Accomplishments
VSP data that illuminate unconventional reservoirs in two diverse geological settings have been analyzed to demonstrate that the use of direct-S modes produced by vertical vibrators at orthogonal-azimuth source stations is a valuable way to evaluate fracture systems and anisotropic properties of unconventional reservoir systems.

This study documents Alford rotation, which can be applied to a wider range of VSP data than some investigators have supposed. Examples from this study show Alford rotation concepts can be applied to VSP data that violate the various assumptions that many investigators impose on VSP data that are used to determine natural-coordinate axes.

In the VSP application, it is preferred to deploy vertical vibrators at source stations that have source-to-receiver azimuths that differ by 90° in order to illuminate a fractured interval with orthogonal S-wave displacement vectors. However, this orthogonal-azimuth source-station geometry has to be abandoned when acquiring 2-D and 3-D reflection data with surface receivers.

VSP data can be used when source-receiver offsets exceed receiver depth, and when raypath arrival angles are 45° and larger. This use of Alford rotation contrasts with the common assumptions that source-to-receiver offsets for data used in Alford rotation procedures should be small and that raypath arrival angles of S-wave raypaths at VSP receiver stations should be close to vertical.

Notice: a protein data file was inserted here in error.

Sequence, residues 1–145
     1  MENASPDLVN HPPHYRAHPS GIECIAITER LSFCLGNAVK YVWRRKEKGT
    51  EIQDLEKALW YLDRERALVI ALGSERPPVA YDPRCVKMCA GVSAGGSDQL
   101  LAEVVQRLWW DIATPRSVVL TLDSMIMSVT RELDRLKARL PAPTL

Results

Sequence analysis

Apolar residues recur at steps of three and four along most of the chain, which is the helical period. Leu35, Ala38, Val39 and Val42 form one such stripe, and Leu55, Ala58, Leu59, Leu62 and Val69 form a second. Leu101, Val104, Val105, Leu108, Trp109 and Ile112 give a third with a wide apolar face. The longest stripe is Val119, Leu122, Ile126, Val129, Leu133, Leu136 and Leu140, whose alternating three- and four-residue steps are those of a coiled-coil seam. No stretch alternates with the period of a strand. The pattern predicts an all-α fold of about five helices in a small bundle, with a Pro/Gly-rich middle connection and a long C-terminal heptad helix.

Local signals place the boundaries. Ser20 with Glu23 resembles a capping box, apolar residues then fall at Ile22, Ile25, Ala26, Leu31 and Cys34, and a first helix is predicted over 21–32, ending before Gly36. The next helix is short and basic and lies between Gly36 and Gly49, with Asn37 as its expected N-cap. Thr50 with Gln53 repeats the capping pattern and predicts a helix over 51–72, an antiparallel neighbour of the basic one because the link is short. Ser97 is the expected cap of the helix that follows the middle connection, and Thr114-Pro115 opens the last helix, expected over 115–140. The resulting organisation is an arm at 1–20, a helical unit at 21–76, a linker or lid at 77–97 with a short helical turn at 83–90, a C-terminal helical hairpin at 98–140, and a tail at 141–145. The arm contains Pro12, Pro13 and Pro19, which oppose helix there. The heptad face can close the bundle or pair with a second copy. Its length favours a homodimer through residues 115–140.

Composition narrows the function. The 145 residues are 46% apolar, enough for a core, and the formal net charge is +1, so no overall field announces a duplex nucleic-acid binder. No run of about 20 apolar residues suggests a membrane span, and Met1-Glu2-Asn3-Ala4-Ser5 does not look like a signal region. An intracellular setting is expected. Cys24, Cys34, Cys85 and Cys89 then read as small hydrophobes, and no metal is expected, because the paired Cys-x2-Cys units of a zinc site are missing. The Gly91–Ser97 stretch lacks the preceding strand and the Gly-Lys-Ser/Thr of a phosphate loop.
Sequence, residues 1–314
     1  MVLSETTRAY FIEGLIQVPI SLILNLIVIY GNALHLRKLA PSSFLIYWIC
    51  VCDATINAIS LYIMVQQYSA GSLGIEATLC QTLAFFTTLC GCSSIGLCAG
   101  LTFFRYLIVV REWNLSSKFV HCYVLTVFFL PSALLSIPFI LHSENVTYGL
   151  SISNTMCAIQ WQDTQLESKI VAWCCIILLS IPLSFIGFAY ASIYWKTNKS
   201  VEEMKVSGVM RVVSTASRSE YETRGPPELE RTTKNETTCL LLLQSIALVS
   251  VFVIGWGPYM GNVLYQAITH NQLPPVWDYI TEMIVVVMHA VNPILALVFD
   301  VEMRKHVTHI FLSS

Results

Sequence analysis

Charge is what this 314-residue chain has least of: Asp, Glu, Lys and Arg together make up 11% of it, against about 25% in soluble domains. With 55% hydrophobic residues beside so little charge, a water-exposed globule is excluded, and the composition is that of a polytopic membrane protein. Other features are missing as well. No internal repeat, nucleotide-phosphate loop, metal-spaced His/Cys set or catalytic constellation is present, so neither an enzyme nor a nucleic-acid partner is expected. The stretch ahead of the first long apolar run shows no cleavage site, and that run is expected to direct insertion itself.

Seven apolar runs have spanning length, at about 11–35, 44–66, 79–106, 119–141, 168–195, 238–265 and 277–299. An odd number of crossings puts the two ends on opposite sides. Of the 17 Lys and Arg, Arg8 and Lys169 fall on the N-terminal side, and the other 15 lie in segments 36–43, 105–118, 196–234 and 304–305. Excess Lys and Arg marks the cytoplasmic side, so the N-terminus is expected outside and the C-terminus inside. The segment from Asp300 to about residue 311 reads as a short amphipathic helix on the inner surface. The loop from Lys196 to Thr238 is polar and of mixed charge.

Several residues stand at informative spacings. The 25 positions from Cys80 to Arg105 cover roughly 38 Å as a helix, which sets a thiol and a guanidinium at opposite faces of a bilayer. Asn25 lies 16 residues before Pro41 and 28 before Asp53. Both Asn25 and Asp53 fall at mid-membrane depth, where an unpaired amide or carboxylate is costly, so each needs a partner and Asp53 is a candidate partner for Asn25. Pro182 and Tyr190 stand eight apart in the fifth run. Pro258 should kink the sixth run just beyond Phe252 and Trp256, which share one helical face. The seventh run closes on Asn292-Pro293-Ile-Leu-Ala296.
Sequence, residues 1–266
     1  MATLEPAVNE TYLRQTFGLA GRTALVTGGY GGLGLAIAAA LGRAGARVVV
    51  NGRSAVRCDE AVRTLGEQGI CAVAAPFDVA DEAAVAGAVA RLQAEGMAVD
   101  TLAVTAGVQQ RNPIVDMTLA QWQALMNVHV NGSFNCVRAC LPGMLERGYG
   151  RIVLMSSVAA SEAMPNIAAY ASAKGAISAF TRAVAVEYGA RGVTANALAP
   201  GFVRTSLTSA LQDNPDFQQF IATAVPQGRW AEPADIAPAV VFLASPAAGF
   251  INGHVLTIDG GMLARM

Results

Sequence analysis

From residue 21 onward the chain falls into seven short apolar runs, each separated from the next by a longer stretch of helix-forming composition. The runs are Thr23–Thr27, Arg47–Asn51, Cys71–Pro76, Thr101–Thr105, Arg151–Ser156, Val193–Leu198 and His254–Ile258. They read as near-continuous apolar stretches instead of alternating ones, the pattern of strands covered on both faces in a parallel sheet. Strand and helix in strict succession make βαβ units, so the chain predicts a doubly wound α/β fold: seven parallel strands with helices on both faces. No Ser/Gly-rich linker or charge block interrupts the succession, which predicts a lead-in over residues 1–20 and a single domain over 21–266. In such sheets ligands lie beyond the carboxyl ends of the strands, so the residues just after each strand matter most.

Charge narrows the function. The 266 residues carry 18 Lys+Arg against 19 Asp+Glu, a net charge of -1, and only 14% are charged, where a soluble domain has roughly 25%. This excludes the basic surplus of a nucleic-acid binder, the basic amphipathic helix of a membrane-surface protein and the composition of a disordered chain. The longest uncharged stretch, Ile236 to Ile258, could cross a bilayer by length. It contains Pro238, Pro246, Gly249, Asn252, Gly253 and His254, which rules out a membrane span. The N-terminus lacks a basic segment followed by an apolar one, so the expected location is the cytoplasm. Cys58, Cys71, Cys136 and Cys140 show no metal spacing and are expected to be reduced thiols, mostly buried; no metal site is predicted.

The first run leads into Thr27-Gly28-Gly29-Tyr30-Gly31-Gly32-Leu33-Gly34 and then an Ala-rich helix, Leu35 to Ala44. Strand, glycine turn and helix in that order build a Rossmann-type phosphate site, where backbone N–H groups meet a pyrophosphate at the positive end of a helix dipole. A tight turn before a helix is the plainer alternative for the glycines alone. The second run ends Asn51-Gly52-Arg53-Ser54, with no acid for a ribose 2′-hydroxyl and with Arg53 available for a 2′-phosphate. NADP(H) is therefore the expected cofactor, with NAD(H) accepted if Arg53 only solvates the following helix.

VSP S-wave data can be used when the radial and transverse S-wave displacement vectors used in Alford rotation are not oriented in orthogonal azimuths. Most data processors take great care to use S-wave data in Alford rotation analyses in which radial and transverse displacement vectors are as close to orthogonal as possible.

Vertical vibrators used in this analysis were positioned at widely separated source stations and raypaths from the sources traversed significantly different overburden conditions before reaching a targeted reservoir interval. In contrast, data preferred for Alford rotation are produced by orthogonal horizontal vibrators positioned at the same zero-offset source station, so that source wavelets travel identical trajectory paths through identical overburden conditions to reach a fracture interval.